His parents alleged that the University was at fault for failing to supervise the party by periodically checking it, as required by campus policy, and that the failure to do so constituted negligence. The defendants denied liability, instead arguing that it was the decedent’s own fault and pointing out that his blood alcohol limit was more than twice the legal limit at the time of his death. The jury found in favor of the plaintiff, but found the decedent 50% responsible for his death and reduced the award to the estate accordingly. The estate received a total of $294,000.
Crown Victoria Not Defective, Ford Not Responsible For Trooper’s Death, Jury Says
In October 1997, a New Jersey state trooper engaged in a vehicular chase with a burglary suspect. The trooper was driving a Ford Crown Victoria sedan, the preferred police vehicle in the United States. The suspect caused his vehicle to ram into the front of the trooper’s police car, and as a result, the doors became jammed and would not open. The officer engaged in a gunfight with the suspect, but his gun jammed. The suspect fired upon the trapped officer, killing him. The suspect was later killed when the murder weapon accidentally discharged, shooting him in the head.
The trooper’s estate filed a wrongful death suit against Ford in Warren County Superior Court, claiming that the Crown Victoria was defectively designed and that Ford was aware of the potential for the doors to jam. Defendant Ford denied liability, claiming that this type of collision was very unusual and not foreseeable. They produced evidence at trial showing that although this vehicle is used in the great majority of police forces in America, there were no other reports or claims of the doors jamming, and further, that since there were no witnesses to the tragic event, the facts surrounding the trooper’s death could not be conclusively determined.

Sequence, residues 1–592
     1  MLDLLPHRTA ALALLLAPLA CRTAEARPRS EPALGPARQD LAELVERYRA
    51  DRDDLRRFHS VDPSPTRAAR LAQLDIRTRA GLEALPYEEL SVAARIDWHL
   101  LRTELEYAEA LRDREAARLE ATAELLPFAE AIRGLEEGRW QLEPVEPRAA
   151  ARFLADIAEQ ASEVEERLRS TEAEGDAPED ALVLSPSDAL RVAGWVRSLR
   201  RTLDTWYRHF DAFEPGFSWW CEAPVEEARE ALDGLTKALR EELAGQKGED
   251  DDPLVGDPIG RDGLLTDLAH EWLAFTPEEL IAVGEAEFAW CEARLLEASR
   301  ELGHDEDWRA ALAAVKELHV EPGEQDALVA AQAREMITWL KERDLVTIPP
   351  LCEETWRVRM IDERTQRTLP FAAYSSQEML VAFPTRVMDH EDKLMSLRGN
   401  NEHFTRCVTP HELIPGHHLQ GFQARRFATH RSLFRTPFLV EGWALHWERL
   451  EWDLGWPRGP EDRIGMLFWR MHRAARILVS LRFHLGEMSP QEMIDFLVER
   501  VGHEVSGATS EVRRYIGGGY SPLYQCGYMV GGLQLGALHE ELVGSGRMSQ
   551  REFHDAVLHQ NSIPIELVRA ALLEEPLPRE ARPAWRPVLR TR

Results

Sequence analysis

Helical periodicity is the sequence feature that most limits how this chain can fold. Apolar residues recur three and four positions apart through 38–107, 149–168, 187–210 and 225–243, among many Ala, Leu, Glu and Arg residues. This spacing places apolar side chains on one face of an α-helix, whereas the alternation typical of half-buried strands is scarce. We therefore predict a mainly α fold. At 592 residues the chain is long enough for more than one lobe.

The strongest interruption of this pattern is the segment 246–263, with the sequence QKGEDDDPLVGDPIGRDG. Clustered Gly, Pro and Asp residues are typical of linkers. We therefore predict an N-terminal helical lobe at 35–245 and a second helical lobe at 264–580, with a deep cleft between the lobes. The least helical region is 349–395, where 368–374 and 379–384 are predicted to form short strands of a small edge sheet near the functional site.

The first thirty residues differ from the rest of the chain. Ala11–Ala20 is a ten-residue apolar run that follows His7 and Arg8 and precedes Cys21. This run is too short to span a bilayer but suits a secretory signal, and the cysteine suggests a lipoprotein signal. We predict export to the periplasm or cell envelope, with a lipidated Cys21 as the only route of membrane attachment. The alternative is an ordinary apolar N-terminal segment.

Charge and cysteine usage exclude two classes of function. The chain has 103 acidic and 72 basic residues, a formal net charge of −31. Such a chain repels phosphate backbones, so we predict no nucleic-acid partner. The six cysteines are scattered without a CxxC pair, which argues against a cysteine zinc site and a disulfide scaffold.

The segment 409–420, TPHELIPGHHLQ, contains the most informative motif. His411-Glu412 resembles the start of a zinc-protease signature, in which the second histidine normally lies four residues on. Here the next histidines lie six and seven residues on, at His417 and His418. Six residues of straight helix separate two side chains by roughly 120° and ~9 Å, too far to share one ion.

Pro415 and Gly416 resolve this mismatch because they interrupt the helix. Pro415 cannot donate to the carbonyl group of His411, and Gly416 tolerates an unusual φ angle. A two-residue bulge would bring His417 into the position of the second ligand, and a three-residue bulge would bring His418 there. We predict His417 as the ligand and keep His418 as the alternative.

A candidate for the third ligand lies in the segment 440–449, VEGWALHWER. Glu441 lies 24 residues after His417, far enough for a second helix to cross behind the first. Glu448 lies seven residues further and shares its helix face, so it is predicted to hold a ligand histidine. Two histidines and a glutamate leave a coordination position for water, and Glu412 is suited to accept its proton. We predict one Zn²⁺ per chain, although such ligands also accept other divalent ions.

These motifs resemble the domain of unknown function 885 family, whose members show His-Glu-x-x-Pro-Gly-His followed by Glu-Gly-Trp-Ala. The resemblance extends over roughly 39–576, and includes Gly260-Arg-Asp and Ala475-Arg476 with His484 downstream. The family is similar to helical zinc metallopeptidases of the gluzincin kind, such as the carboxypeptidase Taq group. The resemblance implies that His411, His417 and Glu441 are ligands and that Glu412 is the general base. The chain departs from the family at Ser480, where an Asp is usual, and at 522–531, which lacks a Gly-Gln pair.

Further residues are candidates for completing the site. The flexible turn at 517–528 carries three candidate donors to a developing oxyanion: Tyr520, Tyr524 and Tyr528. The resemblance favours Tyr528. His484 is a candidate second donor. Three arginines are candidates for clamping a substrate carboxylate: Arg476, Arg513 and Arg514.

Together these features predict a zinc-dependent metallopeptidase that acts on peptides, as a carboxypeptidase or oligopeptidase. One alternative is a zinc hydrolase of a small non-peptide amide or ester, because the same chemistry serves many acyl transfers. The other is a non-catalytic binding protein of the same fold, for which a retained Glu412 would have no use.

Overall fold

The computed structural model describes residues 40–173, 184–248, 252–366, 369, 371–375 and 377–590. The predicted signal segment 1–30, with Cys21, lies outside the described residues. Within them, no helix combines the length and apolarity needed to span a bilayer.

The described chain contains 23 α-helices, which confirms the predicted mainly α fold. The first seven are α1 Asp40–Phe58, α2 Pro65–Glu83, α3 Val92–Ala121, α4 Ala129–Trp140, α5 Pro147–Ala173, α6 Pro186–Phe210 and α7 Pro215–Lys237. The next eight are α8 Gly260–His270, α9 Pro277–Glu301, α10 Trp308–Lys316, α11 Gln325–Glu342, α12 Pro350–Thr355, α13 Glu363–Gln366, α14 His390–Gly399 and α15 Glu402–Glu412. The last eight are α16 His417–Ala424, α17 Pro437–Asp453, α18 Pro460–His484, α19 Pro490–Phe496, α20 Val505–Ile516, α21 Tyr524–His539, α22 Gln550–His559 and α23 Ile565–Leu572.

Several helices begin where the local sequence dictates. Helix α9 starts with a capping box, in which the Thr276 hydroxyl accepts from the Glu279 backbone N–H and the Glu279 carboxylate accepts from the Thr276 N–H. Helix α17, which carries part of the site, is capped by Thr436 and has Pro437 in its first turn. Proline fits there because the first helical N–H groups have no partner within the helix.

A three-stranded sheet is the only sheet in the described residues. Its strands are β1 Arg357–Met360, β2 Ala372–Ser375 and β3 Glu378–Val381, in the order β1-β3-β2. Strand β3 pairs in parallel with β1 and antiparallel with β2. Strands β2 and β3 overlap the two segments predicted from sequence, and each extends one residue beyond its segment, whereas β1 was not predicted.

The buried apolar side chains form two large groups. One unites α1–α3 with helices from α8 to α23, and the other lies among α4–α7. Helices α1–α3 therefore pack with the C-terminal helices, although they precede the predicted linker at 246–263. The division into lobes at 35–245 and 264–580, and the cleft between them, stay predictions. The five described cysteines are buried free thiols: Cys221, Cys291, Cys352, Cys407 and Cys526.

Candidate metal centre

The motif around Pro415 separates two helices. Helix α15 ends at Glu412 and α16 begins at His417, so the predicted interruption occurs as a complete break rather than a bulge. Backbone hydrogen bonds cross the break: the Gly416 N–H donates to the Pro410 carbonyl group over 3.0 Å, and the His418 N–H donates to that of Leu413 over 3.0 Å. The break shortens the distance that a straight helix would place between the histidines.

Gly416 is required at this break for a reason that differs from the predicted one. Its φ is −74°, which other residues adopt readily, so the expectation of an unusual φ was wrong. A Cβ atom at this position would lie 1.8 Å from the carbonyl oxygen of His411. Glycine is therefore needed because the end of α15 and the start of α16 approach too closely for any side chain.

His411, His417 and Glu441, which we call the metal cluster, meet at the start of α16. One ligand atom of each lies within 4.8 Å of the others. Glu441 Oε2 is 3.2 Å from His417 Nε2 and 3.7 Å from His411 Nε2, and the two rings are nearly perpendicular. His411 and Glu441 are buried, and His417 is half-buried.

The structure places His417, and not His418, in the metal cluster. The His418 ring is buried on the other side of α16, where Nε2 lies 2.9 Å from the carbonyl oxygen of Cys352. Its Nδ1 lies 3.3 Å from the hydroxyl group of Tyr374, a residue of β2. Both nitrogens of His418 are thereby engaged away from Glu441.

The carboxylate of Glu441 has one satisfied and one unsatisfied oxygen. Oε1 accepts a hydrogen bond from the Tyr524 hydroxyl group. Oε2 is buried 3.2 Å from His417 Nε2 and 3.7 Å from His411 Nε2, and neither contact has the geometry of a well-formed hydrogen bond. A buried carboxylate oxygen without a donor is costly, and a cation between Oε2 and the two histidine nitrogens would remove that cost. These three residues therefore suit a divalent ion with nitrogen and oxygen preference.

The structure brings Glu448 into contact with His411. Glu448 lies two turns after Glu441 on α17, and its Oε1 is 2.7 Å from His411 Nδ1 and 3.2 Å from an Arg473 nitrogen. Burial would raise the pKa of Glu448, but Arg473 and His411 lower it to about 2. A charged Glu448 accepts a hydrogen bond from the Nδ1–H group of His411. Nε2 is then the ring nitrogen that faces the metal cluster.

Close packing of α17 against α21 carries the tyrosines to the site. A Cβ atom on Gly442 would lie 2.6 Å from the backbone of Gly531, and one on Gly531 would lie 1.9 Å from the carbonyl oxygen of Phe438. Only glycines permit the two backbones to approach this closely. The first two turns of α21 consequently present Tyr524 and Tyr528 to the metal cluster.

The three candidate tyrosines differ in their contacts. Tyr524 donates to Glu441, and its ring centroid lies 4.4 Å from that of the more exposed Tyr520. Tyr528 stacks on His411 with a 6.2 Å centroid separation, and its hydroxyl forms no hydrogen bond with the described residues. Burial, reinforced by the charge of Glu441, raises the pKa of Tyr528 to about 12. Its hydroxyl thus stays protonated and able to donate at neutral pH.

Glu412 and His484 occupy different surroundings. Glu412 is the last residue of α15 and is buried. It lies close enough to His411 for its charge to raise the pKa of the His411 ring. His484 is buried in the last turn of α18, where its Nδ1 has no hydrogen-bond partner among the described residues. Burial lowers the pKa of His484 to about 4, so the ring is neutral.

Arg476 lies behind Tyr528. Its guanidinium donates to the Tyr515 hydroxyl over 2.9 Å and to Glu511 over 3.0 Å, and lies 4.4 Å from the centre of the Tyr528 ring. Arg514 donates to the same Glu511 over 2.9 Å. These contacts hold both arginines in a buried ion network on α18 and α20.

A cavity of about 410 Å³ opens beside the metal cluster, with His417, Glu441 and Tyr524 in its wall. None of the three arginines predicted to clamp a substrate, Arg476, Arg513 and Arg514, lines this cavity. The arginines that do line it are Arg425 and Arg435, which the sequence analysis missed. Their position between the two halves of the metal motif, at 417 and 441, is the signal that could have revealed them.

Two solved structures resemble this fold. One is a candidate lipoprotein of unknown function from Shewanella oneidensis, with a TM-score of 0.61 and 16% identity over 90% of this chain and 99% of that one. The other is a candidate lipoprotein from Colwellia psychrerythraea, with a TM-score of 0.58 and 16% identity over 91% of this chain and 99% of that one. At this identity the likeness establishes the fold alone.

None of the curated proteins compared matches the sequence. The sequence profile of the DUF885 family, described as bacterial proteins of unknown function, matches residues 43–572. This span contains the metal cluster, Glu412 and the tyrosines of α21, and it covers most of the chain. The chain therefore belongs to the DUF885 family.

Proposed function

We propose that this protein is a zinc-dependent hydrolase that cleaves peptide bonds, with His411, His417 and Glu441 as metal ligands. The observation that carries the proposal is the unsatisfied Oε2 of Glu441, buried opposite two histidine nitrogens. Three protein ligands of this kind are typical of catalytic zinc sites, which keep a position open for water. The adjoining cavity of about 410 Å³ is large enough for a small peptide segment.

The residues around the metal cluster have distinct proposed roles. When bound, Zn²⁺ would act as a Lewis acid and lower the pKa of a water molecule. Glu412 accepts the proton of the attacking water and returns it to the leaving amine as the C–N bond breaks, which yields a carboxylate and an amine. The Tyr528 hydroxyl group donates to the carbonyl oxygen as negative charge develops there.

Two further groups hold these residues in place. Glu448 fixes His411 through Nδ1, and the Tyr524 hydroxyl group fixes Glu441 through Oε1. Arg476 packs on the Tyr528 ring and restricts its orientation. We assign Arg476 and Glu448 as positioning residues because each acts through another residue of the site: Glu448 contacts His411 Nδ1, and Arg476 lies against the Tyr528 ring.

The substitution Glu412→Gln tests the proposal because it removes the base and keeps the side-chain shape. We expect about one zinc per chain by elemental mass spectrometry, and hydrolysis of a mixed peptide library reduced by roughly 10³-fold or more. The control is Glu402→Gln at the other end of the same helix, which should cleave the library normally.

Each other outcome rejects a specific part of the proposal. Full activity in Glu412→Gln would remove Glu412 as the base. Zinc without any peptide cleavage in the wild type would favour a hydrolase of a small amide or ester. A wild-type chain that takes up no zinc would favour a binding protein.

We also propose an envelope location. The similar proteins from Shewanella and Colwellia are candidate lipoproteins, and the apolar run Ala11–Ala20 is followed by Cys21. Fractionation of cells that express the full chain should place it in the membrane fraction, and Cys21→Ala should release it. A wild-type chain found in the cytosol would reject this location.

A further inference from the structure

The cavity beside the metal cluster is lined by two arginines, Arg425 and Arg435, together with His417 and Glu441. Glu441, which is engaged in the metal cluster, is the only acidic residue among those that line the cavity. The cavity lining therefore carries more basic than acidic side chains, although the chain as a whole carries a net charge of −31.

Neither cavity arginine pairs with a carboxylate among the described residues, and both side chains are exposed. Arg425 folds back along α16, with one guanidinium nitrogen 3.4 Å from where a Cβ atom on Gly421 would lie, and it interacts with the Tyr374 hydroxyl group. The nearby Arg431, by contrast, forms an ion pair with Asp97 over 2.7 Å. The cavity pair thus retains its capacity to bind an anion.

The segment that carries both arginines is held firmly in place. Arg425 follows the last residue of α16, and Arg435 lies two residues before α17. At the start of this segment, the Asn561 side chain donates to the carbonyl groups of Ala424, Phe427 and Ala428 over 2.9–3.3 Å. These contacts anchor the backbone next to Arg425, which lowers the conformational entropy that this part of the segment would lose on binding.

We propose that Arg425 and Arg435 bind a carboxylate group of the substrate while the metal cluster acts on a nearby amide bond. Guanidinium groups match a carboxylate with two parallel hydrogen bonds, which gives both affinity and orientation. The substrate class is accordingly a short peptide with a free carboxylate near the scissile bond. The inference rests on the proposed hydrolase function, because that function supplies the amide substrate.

Bars on Windows at Apartment Complex Trap Man In Blaze, Jury Awards For Wrongful Death
In the winter of 2000, a man was visiting a friend at an apartment complex in Camden, New Jersey and decided to spend the night. Late that night a fire broke out and although the tenant was able to escape, the visiting friend was trapped in the bedroom due to metal security bars on the window. He was killed by the blaze.
The man’s estate filed suit in Camden County Superior Court, alleging that the property management company and property owner were responsible for the wrongful death of the decedent by virtue of allowing the bars to remain on the bedroom window. They claimed that these bars violated several codes, and that the decedent’s body was found under the window, indicating that he awoke and attempted to escape.
The defendants denied that they were liable for the death. They claimed that the building codes in question didn’t apply due to the age of the building, and that the window at issue was not an “escape window” and hence was not contemplated in the code. They further produced evidence at trial that the decedent was intoxicated and never awoke up.
The case went to trial in 2002, and the jury found in favor of the plaintiff’s, awarding $540,000, but reducing the award by 15%, as they found the decedent partially liable due to his intoxication. The final award was $459,000.